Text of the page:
Baseball America, Baseball Prospectus, and each included Johnson on their top-100 prospect lists, ranking him 63rd, 67th, and 70th, respectively. The right-hander was selected by the White Sox in the second round of the 2011 draft.

Major League Baseball will investigate Yasiel Puig for his role in Miami nightclub brawl

Yasiel Puig
AP Photo/Lenny Ignelzi

It was reported on Friday afternoon that Dodgers outfielder Yasiel Puig was involved in a brawl at a Miami nightclub. Details were scant at the time, but he reportedly left with a bruise on his face.

Dylan Hernandez of the Los Angeles Times reports that Major League Baseball plans to investigate Puig under the league’s new domestic violence policy for his role in the brawl. Citing a report from TMZ, Hernandez notes that Puig shoved his sister, “brutally sucker-punched” the manager of the bar, and instigated the brawl.

The Dodgers and Puig’s agent have thus far refused to comment on the situation.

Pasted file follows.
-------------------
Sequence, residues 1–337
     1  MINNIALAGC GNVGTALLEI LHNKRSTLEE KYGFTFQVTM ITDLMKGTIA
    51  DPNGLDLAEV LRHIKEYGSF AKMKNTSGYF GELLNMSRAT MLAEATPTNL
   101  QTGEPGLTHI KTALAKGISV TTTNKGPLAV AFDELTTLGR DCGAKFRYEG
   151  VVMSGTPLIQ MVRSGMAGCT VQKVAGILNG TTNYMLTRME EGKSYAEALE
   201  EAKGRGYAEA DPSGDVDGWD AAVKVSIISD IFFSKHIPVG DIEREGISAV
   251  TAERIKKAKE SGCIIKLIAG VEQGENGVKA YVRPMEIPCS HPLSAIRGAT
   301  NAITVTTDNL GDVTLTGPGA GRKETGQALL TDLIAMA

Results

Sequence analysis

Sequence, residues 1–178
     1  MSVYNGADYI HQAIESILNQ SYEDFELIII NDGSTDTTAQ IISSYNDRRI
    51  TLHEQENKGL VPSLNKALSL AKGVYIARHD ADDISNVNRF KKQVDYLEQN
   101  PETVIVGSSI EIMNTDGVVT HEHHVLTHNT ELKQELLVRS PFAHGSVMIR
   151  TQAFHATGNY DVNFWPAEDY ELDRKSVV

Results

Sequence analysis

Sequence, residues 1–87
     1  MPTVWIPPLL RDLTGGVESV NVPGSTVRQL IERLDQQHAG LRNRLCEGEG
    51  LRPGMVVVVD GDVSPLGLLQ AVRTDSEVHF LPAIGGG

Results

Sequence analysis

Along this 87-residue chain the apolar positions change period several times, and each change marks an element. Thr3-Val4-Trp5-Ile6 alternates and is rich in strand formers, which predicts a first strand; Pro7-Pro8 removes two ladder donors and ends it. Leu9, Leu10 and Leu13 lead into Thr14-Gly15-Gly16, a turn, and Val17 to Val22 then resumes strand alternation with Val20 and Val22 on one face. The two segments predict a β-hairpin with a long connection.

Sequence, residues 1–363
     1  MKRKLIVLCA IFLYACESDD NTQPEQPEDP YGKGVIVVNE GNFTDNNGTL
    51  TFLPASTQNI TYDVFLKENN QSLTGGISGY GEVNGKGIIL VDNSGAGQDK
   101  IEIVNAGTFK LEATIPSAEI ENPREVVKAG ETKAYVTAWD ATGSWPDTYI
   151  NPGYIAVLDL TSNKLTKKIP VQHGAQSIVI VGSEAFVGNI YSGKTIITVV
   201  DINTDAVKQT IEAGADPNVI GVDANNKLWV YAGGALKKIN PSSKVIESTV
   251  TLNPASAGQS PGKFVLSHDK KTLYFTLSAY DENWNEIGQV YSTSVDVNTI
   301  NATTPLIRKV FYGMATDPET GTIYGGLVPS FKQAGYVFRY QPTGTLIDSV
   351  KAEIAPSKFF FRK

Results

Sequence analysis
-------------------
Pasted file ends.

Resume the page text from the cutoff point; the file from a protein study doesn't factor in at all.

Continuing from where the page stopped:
Rockies shortstop Jose Reyes was the first player to be investigated under the league’s new domestic violence policy earlier this month, as he allegedly assaulted his wife. Reyes has pleaded not guilty after he was charged with domestic abuse in Hawaii.

As our own Craig Calcaterra pointed out, commissioner Rob Manfred does not need to wait for Puig to plead guilty or to be found guilty to levy a punishment.

Dayan Viciedo close to signing with Japan’s Chunichi Dragons

Dayan Viciedo
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Patrick Newman is reporting that the Chunichi Dragons of Japan’s Nippon Professional Baseball and outfielder Dayan Viciedo are close to an agreement on a contract. Newman notes that the Dragons are close to signing pitcher Jordan Norberto as well.